Sunday, May 3, 2009

Kafka on the Shore

This is one of my 'Lost in Translation' challenge choices - and it was definitely a challenge. Firstly, to those of my Japanese Literature Challenge friends, this was Murakami surrealism like I've never experienced before. Tres Bizarre! Again Murakami draws me into his web of intertwined relationships with apparently no relationship, and drags me along by the possibilities and potential for the 'apparently unrelated' to become related.

Now - My friends who love their cats, and those who are animal lovers, I cant say this any better that the Sydney Morning Herald - don't read this, or at least skip Chapter 16.

What did I like about the book? I liked Kafka, a 15 yr old boy who is trying to make sense of his life and is trying to break free of his fathers curse on him. He's like any 15 yr old boy whose mother and sister left him in the hands of an obsessed and famous man, his father. I also liked his friend, Oshima, who has had his own personal journal of self discovery as a young person and has made sense of his own story through his choice of gender, cars and books. I was amused by Nakata, the older man who could talk to cats. His simple life suddenly became complicated, and in his own simple way, he tried to make sense of that. I liked the Murakami could find a friend for Nakata, Hoshino - a younger man who was also trying to make sense of his life and loss and made a committment to the older simple man, who couldn't read, to travel with him to read for him. The bizzare appearance of Colonel Sanders and Jonny Walker just add to the twists that Murakami throws in here.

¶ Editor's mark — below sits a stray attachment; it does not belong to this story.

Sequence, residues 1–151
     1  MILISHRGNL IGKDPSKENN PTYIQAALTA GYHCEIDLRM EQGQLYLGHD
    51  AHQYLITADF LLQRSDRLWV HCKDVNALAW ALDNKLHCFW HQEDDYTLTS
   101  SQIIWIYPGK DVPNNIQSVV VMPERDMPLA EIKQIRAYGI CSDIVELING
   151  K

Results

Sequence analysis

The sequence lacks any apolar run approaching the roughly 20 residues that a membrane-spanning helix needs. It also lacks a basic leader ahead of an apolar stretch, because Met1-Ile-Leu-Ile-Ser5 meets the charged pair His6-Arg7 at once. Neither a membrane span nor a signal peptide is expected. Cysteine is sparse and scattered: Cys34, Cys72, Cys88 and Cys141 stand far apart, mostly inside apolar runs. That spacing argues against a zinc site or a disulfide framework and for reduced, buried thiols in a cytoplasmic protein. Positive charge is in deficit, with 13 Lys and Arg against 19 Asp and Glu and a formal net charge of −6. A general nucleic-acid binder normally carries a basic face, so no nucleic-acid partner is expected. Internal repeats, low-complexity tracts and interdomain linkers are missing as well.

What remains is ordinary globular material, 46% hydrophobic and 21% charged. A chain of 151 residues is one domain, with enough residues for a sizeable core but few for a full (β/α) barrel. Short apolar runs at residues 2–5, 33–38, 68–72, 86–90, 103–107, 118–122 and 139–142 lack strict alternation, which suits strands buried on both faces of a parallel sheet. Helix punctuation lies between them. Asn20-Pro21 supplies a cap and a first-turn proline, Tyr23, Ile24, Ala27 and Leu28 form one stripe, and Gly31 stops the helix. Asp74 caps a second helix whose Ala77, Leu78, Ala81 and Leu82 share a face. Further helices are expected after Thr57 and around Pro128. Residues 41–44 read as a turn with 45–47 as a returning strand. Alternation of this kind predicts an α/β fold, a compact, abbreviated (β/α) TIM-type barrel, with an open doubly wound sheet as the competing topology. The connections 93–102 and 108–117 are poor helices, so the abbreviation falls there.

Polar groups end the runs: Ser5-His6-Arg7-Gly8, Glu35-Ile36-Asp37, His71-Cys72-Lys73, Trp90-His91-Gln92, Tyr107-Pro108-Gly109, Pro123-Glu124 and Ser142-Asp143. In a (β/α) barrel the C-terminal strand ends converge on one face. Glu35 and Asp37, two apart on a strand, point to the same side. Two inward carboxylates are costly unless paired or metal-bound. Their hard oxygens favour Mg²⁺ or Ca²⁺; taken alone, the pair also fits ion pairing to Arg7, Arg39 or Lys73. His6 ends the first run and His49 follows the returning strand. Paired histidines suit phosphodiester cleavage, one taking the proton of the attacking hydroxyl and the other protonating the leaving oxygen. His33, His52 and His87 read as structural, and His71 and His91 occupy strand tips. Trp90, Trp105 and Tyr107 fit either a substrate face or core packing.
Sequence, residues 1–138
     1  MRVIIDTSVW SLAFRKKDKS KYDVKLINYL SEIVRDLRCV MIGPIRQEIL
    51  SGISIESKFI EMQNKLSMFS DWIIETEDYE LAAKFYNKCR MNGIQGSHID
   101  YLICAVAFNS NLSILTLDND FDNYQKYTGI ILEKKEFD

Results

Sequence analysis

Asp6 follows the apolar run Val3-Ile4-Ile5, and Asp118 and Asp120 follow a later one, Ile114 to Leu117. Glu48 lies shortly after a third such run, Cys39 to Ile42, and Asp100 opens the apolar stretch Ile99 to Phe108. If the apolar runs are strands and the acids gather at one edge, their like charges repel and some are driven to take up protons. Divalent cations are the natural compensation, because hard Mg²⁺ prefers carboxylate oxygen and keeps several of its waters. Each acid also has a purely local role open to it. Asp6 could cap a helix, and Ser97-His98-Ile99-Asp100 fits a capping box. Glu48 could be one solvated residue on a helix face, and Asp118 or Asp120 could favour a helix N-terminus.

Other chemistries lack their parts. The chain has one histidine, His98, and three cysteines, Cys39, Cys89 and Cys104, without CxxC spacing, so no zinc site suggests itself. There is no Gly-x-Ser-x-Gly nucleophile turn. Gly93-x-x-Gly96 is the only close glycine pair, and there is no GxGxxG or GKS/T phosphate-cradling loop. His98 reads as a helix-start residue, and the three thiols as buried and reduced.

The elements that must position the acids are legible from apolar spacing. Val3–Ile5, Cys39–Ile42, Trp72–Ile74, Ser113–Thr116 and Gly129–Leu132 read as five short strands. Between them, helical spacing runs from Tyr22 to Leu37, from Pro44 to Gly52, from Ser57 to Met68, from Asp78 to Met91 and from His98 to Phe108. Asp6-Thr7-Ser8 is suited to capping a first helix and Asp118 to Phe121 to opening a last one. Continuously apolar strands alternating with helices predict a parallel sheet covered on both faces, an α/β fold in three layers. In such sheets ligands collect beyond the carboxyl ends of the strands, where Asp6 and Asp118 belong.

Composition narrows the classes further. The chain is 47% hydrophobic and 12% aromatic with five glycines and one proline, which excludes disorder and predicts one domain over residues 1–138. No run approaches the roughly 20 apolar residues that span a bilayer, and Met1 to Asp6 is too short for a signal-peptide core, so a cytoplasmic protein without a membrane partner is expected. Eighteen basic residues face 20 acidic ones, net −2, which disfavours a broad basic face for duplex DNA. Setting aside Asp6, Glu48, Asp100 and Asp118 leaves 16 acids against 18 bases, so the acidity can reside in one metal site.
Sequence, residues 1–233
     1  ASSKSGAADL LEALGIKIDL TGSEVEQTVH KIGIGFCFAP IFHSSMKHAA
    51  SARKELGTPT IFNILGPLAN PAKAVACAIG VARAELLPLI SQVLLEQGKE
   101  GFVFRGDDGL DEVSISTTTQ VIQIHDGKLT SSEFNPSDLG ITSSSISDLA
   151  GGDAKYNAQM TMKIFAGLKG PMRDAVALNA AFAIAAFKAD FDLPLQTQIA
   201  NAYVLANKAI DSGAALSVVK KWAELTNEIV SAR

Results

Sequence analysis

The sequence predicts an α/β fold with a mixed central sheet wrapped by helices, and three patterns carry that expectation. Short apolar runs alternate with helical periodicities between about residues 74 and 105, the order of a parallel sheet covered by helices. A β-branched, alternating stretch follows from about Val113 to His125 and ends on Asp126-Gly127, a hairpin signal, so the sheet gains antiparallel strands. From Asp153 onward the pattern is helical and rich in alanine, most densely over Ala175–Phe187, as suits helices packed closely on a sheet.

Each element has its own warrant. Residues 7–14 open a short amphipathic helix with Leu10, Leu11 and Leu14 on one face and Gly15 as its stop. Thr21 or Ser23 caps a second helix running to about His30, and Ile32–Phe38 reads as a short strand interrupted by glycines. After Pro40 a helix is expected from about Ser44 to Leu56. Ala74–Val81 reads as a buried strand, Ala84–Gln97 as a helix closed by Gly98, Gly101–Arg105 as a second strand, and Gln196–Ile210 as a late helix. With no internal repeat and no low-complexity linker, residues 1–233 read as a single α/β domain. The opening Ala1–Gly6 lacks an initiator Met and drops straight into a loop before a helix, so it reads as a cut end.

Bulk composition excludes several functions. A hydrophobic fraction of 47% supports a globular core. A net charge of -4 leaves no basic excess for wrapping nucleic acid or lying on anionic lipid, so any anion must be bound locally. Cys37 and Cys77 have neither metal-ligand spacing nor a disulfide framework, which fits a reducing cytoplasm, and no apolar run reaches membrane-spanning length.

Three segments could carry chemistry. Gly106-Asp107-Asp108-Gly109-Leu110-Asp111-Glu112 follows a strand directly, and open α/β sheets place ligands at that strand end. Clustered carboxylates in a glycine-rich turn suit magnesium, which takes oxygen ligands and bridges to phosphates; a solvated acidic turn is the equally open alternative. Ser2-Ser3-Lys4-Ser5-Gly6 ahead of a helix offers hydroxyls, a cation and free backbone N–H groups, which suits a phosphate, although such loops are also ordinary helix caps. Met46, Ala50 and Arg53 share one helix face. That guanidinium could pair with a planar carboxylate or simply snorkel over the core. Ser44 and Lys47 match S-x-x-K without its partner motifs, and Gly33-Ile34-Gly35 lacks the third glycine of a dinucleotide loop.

I don't know if there's much lost in translation here, I think it's as bizarre as the author wanted it to be. Again, as with other Murakami novels and essays, I was hanging on each paragraph, and unable to pick the next turn of events. Read it if you're brave - (skip ch 16, as I don't think you'll loose much) - and watch out for Mackerel!


farmlanebooks said...

I love Murakami and this one was no exception! I agree about the cat thing though - probably not the best thing to read if you are a bit squeamish, or a cat lover. He is one of the only authors I have read that make fantasy seem plausible. Great review!

Karen said...

It sounds like I should definitely avoid this one! Just thinking of harm being done to cats make me cry!

Tamara said...

Jackie - thanks. I'm definitely moving on to another some time soon - probably Blind Willow, Sleeping Woman. Any thoughts on that?
Karen - Not your thing, nor would I even let this copy near your place - your feline friend would have me for supper!

Anonymous said...

This book just caught my fancy, and I'm not sure why; Colonel Sanders in a Japanese novel? Bizarre is right! I read somewhere that Murakami intended this book to be hard to decipher. He wanted the reader to work through it several times, which I must admit I will do. I can't help but wonder about the teacher who slapped the boy on the mountain, and if that boy grew up to be Hishono...but, there's so much I wonder. Like, why did that eel thing come out of his mouth at the end? Well, strange as it may be, it's so fascinating, and I'm looking forward to reading it several more times as Murakami wished. Maybe you could read it again for the Japanese Literature Challenge 3? Only kiddding. ;)